A primary consideration when starting a new business, including a new brewery,
distillery, etc., is what type of legal entity should you establish? LLC?
Corporation? There are several different entity types from which to choose,
each with its own unique characteristics and benefits. Below, please find
some high-level differences between the available entity types, as well
as some concerns specific to the brewing industry.
A corporation is an entity governed under state law and created with the
filing of the Articles of Incorporation. A corporation is owned by its
shareholders, who elect the entity’s Board of Directors. The Board
of Directors then oversees the management of corporate affairs, but leaves
the day-to-day operations of the entity to the corporation’s officers
and directors, who the Board of Directors elects. In a closely-held corporation,
the corporation’s shareholders, officers, and directors may be the
same individuals. The corporation is controlled by its bylaws, shareholder
control agreements, and corporate resolutions.
Depending on the type of corporation established, the entity may or may
not be taxed at the corporate level. A C-Corp pays taxes first at the
entity level, and second at the shareholder level when distributions are
made. An S-Corp, however, is a pass-through entity; no taxes are assessed
at the entity level but are instead paid only once at the shareholder level.
A corporation affords its shareholders limited liability, meaning shareholders
are not personally liable for the debts and obligations of the corporation,
provided corporate formalities are maintained, including holding shareholder
and director meetings, filing annual reports, issuing stock, and adopting
and adhering to corporate bylaws. Instead, shareholders are only liable
to the extent of their capital contributions to the corporation.
In addition to differential tax treatment, S-Corps and C-Corps have different
restrictions on ownership, including the number of shareholders, whether
shareholders can be individuals or entities, citizenship requirements,
and classes of stock.
When forming a corporation, you will need to file the necessary documents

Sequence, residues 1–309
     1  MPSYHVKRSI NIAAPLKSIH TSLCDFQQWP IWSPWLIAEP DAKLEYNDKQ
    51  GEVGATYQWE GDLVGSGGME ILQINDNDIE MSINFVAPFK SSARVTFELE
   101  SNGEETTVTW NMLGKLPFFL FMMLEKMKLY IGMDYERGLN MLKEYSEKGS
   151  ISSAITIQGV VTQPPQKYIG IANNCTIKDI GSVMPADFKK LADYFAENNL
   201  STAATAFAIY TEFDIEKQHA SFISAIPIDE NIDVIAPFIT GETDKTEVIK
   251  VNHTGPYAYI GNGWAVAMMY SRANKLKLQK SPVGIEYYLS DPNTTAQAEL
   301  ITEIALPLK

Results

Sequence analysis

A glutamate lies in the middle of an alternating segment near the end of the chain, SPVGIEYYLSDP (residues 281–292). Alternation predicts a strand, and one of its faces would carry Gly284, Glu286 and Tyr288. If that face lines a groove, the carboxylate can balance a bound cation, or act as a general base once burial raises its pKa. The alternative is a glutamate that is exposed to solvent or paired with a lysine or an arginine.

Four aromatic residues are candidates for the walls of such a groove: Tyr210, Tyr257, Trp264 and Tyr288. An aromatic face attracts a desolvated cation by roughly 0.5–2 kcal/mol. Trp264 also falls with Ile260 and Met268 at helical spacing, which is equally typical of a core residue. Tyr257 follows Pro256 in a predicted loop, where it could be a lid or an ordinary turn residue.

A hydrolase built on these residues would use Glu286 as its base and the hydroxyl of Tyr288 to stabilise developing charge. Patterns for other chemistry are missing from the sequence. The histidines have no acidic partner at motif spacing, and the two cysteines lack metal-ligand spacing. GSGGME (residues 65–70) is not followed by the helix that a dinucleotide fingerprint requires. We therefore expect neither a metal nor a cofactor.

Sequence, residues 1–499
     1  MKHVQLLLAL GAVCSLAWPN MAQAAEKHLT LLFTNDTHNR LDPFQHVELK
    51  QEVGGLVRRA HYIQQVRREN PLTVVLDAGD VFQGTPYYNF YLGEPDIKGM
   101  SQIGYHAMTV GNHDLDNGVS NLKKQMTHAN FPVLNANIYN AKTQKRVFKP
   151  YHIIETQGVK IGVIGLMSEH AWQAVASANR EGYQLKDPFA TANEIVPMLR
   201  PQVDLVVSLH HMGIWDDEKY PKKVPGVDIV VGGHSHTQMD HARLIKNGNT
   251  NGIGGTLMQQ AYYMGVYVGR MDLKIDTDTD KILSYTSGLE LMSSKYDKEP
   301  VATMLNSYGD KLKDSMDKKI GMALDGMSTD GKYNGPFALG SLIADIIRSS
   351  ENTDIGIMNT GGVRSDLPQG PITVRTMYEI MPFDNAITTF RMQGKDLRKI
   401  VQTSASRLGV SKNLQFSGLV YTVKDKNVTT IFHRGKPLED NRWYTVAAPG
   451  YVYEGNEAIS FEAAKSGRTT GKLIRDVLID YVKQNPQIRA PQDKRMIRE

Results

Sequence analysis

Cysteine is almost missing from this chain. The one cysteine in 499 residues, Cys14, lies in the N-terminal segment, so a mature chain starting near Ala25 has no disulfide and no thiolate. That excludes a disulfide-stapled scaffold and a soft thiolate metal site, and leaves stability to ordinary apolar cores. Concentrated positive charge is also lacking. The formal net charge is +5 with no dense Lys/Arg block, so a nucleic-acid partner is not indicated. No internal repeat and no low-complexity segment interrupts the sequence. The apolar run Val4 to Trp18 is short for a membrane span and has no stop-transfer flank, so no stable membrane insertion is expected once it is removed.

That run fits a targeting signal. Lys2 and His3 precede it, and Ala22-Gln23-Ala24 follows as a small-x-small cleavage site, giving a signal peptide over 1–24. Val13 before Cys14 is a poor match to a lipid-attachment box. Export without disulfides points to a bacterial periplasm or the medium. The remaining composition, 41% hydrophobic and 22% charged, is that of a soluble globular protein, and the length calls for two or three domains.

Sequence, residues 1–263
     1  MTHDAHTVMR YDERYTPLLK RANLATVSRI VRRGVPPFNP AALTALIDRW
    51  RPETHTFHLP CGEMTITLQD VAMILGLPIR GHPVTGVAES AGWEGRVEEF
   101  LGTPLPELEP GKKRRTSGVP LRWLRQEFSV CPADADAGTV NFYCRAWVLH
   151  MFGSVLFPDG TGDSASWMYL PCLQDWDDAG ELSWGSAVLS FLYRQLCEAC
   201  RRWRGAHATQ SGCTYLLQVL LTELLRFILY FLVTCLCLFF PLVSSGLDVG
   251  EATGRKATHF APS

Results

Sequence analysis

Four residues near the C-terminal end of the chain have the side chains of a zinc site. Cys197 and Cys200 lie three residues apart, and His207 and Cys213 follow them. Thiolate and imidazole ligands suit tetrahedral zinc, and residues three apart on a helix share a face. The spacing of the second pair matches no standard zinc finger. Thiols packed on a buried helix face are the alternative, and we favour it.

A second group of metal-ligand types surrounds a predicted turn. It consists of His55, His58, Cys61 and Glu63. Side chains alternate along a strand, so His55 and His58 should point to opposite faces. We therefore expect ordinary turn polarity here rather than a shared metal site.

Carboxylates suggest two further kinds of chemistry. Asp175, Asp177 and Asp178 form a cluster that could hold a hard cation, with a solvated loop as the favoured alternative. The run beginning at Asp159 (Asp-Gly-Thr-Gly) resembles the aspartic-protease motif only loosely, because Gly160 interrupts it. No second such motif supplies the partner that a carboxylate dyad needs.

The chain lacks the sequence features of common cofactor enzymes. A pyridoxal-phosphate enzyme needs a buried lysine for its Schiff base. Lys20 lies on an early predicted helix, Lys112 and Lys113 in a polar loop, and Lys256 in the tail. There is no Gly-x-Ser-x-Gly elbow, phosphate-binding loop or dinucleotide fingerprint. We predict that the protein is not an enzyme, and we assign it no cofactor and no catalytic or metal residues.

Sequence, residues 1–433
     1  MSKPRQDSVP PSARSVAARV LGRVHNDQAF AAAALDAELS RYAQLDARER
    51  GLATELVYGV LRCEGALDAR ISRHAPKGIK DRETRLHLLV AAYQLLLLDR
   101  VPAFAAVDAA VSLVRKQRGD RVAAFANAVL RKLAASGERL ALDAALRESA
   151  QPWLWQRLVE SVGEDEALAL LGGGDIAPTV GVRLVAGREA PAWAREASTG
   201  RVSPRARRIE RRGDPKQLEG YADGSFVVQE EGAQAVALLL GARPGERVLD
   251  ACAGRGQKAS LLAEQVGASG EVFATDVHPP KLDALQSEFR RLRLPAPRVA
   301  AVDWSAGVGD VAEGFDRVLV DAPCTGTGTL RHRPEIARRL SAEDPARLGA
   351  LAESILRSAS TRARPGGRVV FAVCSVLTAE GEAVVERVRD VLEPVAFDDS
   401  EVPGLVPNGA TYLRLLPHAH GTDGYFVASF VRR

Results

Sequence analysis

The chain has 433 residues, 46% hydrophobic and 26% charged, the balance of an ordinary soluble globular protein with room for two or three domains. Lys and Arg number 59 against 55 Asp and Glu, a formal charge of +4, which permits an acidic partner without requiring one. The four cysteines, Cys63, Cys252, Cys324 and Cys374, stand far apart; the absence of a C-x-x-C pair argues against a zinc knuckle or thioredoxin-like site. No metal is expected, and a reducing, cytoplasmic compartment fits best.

with the Secretary of State, as well as will need bylaws, possibly a shareholder
control agreement, and other formal corporate documents in order to maintain
corporate formalities and prevent piercing of the corporate veil.
Limited Liability Company (LLC)
A limited liability company (“LLC”) is an entity governed under
state law and created with the filing of the Articles of Organization.
As opposed to corporations, an LLC is owned by one or more “members,”
who may also manage the entity and perform the day-to-day operations of
the entity. The entity is formed when the members contribute either capital
in the form of money or property, or services to the entity. The LLC and
the members’ relationships to it and to one another are governed
by an Operating Agreement.
One substantial benefit of the LLC entity type is its pass-through nature
for tax purposes. Whereas a corporation may be taxed both at the entity
level and when profits are distributed to the corporation’s shareholders,
the LLC is not itself taxed. The LLC’s profits are instead taxed
only once at the member level.
Further, an LLC affords its members limited liability, meaning the members
are only liable for the LLC’s debts and obligations to the extent
of their initial capital contributions, provided corporate formalities
are maintained. No personal liability attaches.
When forming an LLC, you will need to file the necessary documents with
the Secretary of State, as well as will need an Operating Agreement, possibly
a buy/sell agreement, and other formal corporate documents in order to
maintain corporate formalities, prevent piercing of the corporate veil,
and plan for eventualities such as departure of a member of the LLC.
Some Brewery-Specific Considerations
When drafting the governing documents for either a corporation or an LLC
specific to the brewing industry, there are certain additional considerations
you will want to ensure are addressed. For example, you will want to require
all proposed members, shareholders, officers, and directors to pass the
necessary Alcohol and Tobacco Tax and Trade Bureau background checks.
Further, you will want to include provisions requiring all related individuals
to comply with State and local mandates, including necessary background
checks and liquor licensure. If a member, shareholder, officer or director
fails to meet such requirements, you will want your governing documents
to provide an avenue to remove the individual, such as with a forced buyout
If you are considering opening your own business, including a new brewery,
and you have questions regarding the available entity types, the filings
necessary, or governing documents, contracts and agreements needed to
establish and maintain your business, we can help. Check back on our website
as we are publishing a series of blog posts discussing the various aspects
to consider and address when opening a new brewery.
Moreover, when you are ready, please contact us at 303-678-0560 to further
discuss how we can help you open your successful new brewery.